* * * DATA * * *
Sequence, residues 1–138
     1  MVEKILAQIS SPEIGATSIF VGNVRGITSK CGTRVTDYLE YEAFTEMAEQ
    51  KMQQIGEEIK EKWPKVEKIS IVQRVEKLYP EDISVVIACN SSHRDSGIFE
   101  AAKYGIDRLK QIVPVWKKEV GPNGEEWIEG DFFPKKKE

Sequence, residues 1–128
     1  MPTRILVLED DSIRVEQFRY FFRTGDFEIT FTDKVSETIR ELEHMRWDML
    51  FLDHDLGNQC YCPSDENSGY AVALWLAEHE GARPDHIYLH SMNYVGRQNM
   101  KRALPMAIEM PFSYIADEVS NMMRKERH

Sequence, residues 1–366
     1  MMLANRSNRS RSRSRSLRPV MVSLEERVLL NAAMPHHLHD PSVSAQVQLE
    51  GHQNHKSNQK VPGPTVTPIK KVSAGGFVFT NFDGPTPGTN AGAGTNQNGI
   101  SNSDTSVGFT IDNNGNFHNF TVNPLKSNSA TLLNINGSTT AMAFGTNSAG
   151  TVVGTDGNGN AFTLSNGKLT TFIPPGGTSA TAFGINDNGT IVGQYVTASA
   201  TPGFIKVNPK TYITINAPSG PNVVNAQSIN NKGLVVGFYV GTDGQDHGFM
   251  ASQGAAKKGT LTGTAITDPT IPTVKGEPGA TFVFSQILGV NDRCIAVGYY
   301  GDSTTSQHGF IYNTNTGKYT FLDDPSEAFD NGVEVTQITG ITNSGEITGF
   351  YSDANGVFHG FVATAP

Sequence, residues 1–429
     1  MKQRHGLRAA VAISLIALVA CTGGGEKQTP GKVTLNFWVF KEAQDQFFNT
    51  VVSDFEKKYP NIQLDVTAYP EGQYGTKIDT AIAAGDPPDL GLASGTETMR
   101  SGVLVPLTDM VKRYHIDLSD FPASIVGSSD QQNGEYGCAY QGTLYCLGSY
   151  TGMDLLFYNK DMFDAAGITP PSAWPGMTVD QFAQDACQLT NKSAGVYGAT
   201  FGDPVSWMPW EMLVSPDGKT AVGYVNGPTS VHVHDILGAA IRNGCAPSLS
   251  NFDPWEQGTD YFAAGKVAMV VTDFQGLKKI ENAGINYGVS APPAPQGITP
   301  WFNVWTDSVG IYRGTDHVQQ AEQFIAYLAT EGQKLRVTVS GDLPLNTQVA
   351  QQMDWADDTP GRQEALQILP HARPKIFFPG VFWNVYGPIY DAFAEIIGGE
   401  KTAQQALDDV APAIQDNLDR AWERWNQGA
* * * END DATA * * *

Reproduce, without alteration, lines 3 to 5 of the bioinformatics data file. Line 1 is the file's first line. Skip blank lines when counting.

    51  KMQQIGEEIK EKWPKVEKIS IVQRVEKLYP EDISVVIACN SSHRDSGIFE
   101  AAKYGIDRLK QIVPVWKKEV GPNGEEWIEG DFFPKKKE

Sequence, residues 1–128